A New Technique to Study Seals Habitats in Alaska

One harbor seal resting on the glacier ice (Source: Jamie Womble/NPS)
One harbor seal resting on the glacier ice (Source: Jamie Womble/NPS)

There are numerous harbor seals (Phoca vitulina) living in tidewater glacier fjords in Alaska. Harbor seals are covered with short, stiff, bristle-like hair. They reach five to six feet (1.7-1.9 m) in length and weigh up to 300 pounds (140 kg). Tidewater glaciers calve icebergs into the marine environment, which then serve as pupping and molting habitat for harbor seals in Alaska. Although tidewater glaciers are naturally dynamic, advancing and retreating in response to local climatic and fjord conditions, most of the ice sheets that feed tidewater glaciers in Alaska are thinning. As a result, many of the tidewater glaciers are retreating. Scientists are studying the glacier ice and distribution of harbor seals to understand how future changes in tidewater glaciers may impact the harbor seals.  Jamie Womble, a marine ecologist based in Alaska, is one of them.

Harbor seals on the glacier ice. (Source: Jammie Womble/NPS)
Harbor seals on the glacier ice (Source: Jamie Womble/NPS).

As Womble put in her recently published paper in PLOS One, “The availability and spatial distribution of glacier ice in the fjords is likely a key environmental variable that influences the abundance and distribution of selected marine mammals; however, the amount of ice and the fine-scale characteristics of ice in fjords have not been systematically quantified. Given the predicted changes in glacier habitat, there is a need for the development of methods that could be broadly applied to quantify changes in available ice habitat in tidewater glacier fjords.”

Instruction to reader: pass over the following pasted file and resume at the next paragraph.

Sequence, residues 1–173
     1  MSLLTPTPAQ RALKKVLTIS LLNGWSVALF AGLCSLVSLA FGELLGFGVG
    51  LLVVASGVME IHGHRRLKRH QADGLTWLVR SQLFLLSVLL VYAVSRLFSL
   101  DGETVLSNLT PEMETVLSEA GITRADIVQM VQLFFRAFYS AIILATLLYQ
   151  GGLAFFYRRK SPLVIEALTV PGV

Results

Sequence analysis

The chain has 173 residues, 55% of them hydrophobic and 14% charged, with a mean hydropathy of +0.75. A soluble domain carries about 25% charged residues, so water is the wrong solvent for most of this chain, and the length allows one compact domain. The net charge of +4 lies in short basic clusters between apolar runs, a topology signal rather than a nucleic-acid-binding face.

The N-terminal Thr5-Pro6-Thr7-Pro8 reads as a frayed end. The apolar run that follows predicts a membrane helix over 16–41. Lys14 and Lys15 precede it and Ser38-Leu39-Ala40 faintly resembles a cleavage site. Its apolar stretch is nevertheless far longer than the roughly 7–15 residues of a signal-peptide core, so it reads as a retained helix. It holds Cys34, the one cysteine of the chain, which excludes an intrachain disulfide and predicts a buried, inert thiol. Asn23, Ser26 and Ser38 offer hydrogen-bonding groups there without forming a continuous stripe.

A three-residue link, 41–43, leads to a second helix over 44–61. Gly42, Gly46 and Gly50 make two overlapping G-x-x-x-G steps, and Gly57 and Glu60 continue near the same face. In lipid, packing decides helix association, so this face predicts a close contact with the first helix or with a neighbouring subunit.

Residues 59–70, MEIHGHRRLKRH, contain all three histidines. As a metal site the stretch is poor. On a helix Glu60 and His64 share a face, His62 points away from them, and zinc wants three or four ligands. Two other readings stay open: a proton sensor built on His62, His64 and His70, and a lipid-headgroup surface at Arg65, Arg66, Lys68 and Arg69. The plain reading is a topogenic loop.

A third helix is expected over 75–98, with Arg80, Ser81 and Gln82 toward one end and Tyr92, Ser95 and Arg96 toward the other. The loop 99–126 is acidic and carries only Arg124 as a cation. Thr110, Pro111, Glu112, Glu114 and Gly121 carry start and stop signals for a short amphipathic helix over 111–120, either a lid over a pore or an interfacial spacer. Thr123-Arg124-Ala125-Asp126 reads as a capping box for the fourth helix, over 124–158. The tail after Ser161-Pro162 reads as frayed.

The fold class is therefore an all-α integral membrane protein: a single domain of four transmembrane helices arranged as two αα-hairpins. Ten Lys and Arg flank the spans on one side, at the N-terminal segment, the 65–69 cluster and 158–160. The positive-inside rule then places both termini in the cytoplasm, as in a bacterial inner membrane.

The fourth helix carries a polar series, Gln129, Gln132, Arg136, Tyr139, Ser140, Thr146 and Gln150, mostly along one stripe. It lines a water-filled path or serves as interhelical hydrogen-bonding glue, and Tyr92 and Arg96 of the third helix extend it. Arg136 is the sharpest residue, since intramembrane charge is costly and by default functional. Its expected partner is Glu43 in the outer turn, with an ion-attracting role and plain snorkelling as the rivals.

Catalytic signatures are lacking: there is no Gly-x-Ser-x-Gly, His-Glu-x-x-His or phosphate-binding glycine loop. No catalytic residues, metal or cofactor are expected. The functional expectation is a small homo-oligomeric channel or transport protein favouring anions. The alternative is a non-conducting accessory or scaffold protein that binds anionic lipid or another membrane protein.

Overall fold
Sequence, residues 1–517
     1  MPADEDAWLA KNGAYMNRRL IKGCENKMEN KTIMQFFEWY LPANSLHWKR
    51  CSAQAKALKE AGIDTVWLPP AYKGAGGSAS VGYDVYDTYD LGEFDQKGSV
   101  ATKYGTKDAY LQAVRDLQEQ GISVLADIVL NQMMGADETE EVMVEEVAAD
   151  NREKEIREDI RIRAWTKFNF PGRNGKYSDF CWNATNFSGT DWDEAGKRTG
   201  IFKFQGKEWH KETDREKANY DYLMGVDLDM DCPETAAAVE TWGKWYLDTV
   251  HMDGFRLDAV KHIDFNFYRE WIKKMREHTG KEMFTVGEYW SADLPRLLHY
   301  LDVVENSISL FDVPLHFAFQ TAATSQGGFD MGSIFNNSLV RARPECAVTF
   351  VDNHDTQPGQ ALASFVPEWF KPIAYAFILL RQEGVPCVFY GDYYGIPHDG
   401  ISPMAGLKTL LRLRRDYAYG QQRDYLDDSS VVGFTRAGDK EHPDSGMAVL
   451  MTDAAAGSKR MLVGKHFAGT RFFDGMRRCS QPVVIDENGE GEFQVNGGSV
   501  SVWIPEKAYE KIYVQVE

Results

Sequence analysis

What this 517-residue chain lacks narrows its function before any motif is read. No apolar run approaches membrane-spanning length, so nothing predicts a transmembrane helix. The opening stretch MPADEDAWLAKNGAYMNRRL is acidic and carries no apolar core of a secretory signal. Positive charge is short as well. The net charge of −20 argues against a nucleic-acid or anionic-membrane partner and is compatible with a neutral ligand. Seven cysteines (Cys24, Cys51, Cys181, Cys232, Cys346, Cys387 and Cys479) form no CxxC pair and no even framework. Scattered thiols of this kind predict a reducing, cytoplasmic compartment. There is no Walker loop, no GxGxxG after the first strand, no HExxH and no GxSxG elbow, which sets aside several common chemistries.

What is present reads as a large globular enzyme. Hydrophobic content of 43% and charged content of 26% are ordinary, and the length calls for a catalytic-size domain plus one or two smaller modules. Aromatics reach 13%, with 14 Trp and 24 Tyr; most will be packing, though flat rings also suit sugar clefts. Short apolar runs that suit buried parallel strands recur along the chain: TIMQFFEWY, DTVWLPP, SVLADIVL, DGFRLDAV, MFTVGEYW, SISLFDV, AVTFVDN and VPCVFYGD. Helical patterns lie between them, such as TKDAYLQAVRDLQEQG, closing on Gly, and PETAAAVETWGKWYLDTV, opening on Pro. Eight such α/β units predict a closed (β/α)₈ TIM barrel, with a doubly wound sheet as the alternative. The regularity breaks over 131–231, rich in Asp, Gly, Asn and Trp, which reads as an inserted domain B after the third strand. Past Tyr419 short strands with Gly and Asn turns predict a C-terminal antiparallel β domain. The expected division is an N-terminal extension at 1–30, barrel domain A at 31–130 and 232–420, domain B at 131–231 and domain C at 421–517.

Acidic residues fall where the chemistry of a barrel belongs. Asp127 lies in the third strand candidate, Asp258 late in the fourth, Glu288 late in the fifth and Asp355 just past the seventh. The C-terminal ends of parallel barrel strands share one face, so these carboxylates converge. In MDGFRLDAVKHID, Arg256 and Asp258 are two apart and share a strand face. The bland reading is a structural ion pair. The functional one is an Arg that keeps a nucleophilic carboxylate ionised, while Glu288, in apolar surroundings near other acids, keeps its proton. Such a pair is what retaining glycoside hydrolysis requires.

Map of Wombls's study area(source: Robert W. McNabb).
Map of Wombles’s study area (Source: Robert W. McNabb).

To conduct her research, Womble has used a variety of analytical tools including geospatial modeling (GIS), multivariate statistics, and animal movement models to integrate behavioral and diet data with remotely-sensed oceanographic data. Most recently, she has worked with object-based image analysis (OBIA).

“OBIA is a powerful image classification tool. Many people studying forests and urban areas use it,” Anupma Prakash, a colleague of Womble and professor of geophysics at the University of Alaska, told GlacierHub. “In our case, we could not use the satellite images because the satellite images did not have the details we required. We flew our aircraft quite low so we saw a lot of detail and could identify individual icebergs.”

OBIA offers an enhanced ability to quantify the morphological properties of habitat. Satellite imagery, on the other hand, is not a viable method in Alaska as there are few cloud free days.

 

“We wanted to classify our images into water, iceberg, and brash-ice (small pieces of ice and water all smushed together),” Prakash added. “The color and smoothness of water helped us isolate it. For icebergs the color, shape, and angular nature helped us isolate it, and the rest was bash-ice.” So it is now feasible to quantify fine-scale features of habitats in order to understand the relationships between wildlife and the habitats they use.

Harbor seals on the ice (source: Jamie Womble/NPS).
Harbor seals on the ice (Source: Jamie Womble/NPS).

Thanks to the work of scientists like Womble and Prakash, OBIA can now be applied to quantify changes in available ice habitat in tidewater glacier fjords. The method can also introduced in other geographic areas, according to professor Prakash.  Now that there is a more advanced method to study the harbor seals in Alaska, the hope is that other researchers will use the OBIA method to make further discoveries about key ocean habitats.

Please follow and like us:

Share your thoughts